Since Dribble encourages its users to post works-in-progress, you can often dig up business card design inspirations that you won’t find on other sites until they’re completed. You also have a better chance of finding incomplete business card designs, which might help jog your creativity in a different way than looking at finished works.
Business cards on Social Media
Twitter is a social media giant, so there’s an abundance of designers using the site who post their business card designs using the #businesscard hashtag combined with their newly integrated photo search. You’ll also see pictures from happy clients who may have hired a designer to make a card for them, allowing you to see work not always shared on other inspiration sites. The only drawback is that you may periodically find plenty of pictures that have nothing to do with business cards.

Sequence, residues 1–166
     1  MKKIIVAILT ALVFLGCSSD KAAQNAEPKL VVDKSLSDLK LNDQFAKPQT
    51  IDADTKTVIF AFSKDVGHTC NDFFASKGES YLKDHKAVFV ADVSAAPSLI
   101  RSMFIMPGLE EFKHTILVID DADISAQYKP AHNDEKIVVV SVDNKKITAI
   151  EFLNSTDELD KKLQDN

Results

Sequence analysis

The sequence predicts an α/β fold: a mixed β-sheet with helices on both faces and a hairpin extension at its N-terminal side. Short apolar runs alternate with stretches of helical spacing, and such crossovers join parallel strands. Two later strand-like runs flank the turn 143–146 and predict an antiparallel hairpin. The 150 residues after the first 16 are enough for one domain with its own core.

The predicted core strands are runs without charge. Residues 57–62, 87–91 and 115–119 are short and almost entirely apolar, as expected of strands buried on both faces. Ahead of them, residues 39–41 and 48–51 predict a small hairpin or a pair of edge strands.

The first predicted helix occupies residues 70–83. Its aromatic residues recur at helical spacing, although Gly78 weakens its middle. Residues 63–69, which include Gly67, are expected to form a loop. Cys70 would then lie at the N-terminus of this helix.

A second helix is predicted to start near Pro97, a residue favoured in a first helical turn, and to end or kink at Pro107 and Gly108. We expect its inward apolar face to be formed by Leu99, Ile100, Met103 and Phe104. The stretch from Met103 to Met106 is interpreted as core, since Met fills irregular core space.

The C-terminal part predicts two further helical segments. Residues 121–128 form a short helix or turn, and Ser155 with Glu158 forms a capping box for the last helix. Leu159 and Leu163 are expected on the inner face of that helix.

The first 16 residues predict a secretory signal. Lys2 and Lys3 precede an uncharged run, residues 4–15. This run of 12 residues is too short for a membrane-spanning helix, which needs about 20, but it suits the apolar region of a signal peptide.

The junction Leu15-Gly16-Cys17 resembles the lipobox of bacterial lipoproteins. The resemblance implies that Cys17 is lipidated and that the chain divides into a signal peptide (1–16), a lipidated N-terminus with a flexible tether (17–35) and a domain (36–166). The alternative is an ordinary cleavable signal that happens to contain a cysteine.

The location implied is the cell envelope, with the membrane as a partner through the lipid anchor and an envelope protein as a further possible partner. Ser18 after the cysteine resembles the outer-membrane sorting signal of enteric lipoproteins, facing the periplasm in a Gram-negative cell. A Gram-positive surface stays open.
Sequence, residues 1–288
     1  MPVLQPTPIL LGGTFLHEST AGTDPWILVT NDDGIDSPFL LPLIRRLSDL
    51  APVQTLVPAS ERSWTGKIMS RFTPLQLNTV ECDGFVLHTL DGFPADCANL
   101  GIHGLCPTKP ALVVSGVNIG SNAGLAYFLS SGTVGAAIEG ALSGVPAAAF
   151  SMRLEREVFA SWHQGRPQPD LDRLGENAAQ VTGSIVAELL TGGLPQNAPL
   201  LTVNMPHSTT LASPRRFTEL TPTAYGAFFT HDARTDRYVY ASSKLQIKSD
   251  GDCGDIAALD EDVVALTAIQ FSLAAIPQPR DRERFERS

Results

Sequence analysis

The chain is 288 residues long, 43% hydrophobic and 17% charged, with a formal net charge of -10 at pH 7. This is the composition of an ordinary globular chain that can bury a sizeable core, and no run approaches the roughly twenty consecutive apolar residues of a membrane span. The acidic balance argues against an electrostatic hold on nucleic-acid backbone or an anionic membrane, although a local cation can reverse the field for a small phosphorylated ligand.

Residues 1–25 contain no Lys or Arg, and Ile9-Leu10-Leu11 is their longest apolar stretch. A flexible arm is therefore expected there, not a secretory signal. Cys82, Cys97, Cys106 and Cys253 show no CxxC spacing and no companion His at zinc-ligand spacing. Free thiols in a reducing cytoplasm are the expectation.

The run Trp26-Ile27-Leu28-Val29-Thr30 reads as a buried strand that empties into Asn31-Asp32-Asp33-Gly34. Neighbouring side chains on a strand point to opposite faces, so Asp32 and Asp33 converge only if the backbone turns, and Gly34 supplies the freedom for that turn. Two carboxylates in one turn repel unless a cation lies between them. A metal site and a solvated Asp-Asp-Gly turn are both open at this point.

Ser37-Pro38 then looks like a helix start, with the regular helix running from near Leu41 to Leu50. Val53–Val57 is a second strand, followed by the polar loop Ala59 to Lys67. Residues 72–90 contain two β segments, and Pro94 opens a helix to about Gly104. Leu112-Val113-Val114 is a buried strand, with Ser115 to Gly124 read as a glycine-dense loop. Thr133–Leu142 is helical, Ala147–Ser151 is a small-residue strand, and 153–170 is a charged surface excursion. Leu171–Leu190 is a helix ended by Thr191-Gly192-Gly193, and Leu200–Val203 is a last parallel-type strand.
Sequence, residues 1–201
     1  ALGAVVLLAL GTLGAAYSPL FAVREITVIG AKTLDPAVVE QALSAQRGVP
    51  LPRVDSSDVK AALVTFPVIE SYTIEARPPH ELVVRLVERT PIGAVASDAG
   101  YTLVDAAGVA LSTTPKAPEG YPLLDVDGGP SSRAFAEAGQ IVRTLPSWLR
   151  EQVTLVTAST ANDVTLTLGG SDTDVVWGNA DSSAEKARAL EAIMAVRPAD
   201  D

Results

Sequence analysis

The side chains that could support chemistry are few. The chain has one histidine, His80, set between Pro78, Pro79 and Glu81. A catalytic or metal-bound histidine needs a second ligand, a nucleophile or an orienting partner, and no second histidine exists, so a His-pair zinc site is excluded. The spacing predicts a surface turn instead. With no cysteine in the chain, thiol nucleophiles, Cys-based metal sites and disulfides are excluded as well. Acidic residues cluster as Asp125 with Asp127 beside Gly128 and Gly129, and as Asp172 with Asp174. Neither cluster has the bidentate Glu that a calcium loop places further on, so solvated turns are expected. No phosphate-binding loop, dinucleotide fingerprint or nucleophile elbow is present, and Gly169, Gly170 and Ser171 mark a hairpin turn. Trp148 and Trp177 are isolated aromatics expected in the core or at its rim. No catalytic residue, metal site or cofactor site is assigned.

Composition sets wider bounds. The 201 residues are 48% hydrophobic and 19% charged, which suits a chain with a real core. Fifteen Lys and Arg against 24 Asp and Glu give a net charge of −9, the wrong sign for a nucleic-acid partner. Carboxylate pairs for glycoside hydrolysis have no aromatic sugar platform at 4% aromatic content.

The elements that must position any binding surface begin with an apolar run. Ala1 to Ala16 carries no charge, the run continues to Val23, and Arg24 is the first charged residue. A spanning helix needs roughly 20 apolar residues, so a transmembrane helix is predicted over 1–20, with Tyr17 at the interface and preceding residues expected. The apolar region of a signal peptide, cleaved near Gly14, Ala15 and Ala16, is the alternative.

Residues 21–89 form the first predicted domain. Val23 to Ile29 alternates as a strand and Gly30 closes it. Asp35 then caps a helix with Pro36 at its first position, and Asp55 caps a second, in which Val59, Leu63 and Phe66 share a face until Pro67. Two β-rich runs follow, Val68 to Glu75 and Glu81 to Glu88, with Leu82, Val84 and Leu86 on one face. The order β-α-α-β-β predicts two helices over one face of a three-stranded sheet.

Pinterest was practically made for finding inspiration, with several Pinterest boards dedicated entirely to business cards. Once you make an account, you can pin your favorite business card designs from most sites, upload images, and make your own business card inspiration board to keep you focused when working on a new creation.
A lot of designers like to show off their work on Tumblr because it’s easy to share and reblog pictures, which makes for a wider audience. Tumblr is filled with great business card designs, but like any popular social media site, you will often find unrelated content in the “business cards” filter. The upside is that Tumblr makes it easy to just keep scrolling endlessly until you find the designs that inspire you most.
Always keep in mind that there’s a difference between inspiration and infringement—your final business card design should only pay homage to the work you admire. You can learn new techniques and find ideas you might never have thought of, but at the end of the day, your designs need to display your own creativity rather than somebody else’s. Is there another business card inspiration site that you think deserves to be mentioned? Do you have a business card design you want to share with the world? Leave your comment below!